Disillusioned majority senses certain change

WHILE New Year's predictions are very much the mode, may we venture that any Tasmanian Greens annum-end barbecue is bound to be quite a subdued affair?

That is especially for the parliamentary representatives of the nature lovers party who will be consuming not only their tofuburgers and herbally infused wines but also the startling news of a "born to rule" belligerence by Premier Lara Giddings.

For Ms Giddings, the perpetually beaming Labor leader, has sniffed the political breeze and correctly sensed a strong mood of citizens' disillusionment and general dissatisfaction with the anti- progress Greensters, committed as they appear to be to the winding up of the state's timber, mining and fishing industries and (how can we put this nicely?) more or less leaving everyone to their own devices.

Including "fly-in fly-out" employment in WA or Queensland.

Meanwhile, the Tassie Greens in general pursue their feverish dream of a drab utopia, a sort of antipodean North Korea, with all of us returning to feudal ways including a breakfast of nettle soup before catching the 8.14am hay wain to the collective farm.

All of which has acted as a fierce cordial to Ms Giddings who, leading with her fringe, has urged, nay demanded, Tassie's voters straighten up, fly right and elect what she has bravely termed a "majority Labor government".

How do you engineer such an electors scenario?

Who can say, yet good gracious, with all the signals around Godzone simultaneously pointing to the incredibly shrinking "social licence-driven Greens", there must be times when local leader Nick McKim, (who you just know would love a shot at state leadership), wished he had pledged his allegiance to the party of the workers rather than that of the shirkers.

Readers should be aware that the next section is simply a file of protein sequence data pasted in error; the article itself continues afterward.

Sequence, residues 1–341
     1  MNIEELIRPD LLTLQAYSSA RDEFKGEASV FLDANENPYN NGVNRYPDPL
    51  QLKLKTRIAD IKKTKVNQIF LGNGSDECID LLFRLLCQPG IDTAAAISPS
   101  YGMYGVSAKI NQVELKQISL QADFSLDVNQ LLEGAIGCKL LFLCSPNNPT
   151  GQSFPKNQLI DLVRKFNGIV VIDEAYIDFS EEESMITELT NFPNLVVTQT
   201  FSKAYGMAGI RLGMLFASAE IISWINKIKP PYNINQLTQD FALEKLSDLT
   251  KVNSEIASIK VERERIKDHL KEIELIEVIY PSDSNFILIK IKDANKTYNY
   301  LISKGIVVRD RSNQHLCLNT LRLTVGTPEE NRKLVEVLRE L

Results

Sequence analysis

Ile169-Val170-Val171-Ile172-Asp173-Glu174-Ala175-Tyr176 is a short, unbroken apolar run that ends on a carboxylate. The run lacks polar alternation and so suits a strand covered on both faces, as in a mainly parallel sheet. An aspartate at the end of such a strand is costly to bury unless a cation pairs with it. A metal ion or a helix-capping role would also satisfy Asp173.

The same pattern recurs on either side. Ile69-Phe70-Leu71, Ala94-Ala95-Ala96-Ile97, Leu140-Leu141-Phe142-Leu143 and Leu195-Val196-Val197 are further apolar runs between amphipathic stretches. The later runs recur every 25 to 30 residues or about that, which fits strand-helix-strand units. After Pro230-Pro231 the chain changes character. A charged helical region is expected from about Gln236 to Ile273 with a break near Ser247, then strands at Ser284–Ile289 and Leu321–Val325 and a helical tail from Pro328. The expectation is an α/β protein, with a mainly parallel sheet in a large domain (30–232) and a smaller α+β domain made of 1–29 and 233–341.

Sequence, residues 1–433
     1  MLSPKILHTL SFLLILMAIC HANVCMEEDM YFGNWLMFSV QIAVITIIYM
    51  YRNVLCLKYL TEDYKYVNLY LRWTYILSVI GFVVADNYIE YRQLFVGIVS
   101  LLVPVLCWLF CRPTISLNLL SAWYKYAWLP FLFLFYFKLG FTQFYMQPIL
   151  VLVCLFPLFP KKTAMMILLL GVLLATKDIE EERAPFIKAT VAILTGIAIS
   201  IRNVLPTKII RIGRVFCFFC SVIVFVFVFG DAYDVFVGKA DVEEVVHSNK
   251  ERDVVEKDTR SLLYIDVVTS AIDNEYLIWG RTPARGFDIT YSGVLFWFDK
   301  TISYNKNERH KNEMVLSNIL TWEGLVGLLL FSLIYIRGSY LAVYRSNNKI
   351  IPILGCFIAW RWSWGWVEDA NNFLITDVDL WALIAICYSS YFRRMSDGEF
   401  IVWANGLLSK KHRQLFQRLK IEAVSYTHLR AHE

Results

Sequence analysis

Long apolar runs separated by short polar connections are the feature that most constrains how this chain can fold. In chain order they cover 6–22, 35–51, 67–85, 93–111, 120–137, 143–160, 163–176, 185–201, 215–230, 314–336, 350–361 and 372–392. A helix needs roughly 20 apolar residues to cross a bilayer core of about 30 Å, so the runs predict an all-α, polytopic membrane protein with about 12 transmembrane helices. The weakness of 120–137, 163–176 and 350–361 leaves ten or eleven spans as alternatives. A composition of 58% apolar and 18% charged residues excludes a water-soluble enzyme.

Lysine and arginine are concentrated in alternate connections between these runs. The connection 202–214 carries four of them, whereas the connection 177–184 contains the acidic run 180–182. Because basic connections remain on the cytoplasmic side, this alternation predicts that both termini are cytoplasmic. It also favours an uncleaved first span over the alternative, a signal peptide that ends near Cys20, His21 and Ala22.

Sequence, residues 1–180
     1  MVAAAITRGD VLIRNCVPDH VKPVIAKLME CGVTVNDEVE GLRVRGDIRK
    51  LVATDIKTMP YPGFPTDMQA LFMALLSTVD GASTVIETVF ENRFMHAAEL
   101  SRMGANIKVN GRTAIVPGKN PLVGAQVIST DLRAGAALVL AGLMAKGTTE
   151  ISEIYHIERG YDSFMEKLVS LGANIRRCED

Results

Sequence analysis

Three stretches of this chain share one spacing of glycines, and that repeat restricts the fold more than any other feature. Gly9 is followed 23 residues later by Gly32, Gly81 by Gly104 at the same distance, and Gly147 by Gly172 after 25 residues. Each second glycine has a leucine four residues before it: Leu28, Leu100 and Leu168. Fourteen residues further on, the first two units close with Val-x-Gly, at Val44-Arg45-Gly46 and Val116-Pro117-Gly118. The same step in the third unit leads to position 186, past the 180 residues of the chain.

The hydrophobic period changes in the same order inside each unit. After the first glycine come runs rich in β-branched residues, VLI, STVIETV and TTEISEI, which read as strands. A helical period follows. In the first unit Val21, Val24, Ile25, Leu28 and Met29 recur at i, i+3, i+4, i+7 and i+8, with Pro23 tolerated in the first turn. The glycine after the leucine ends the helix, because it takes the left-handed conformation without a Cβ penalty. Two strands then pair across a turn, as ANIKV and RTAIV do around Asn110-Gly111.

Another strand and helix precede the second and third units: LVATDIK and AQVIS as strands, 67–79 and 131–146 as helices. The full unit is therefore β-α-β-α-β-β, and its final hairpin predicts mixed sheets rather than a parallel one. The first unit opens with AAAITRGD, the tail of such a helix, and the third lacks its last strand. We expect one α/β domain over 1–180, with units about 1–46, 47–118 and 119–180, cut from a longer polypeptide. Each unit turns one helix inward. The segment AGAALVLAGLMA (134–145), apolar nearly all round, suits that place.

On reflection, Tassie's Labor- Green coalition is an especially strange hound, what with the minority party considering itself not bound by ancient Westminster rules regarding cabinet solidarity even as honourable members warily eye each other and wonder which way the "tail wagging" the mutt party will fall on some issue or another.

It's all a bit like a bad marriage with one person or the other contemplating the best moment to slip the poison into the partner's morning coffee.

Pursuing this deep mood of reflection, you would have assessed correctly that there is no better time than the end of a year to concentrate the minds of pundits and commentators.

With mutual congratulations and backslapping all round when a forecast comes true - as it so rarely does.

Alas, and certainly alackaday, this columnist has to admit that virtually every one of, er, one's 2012 wish list has crumbled as if to dust.

Following a similar "end of year prognostication" in December last year, we exhorted the state government to consider saving, if not redirecting, much funding from various fiscally wasteful instrumentalities to bodies that truly needed the dosh including health, education and the police.

We suggested, for example, that it was time to eradicate the Fox Eradication Taskforce what with red-coated Reynard proving elusive to the point of invisibility.

We reckoned it was time to exclude the Social Inclusion Commission, especially with its agonisingly embarrassing "stating the bleedin' obvious" reports and projections - SIC could wind up its affairs with a truly stellar, and socially inclusive, year-end booze-up.

Discriminate against the Anti- Discrimination Commission, we wrote, and find a grown-up job for the Children's Commissioner.

No luck, hmmm.

Meanwhile, let us look on the bright side and, as World War II British leader Winston Churchill exclaimed in quite another context, "brace ourselves to our duty" and celebrate New Year's Eve with a drink (not necessarily of a herbally infused organic nature) while witnessing Sydney Harbour Bridge fireworks displays and reports of good wishes from around the globe on the idiot box.

Cheers for 2013 then, loyal readers.


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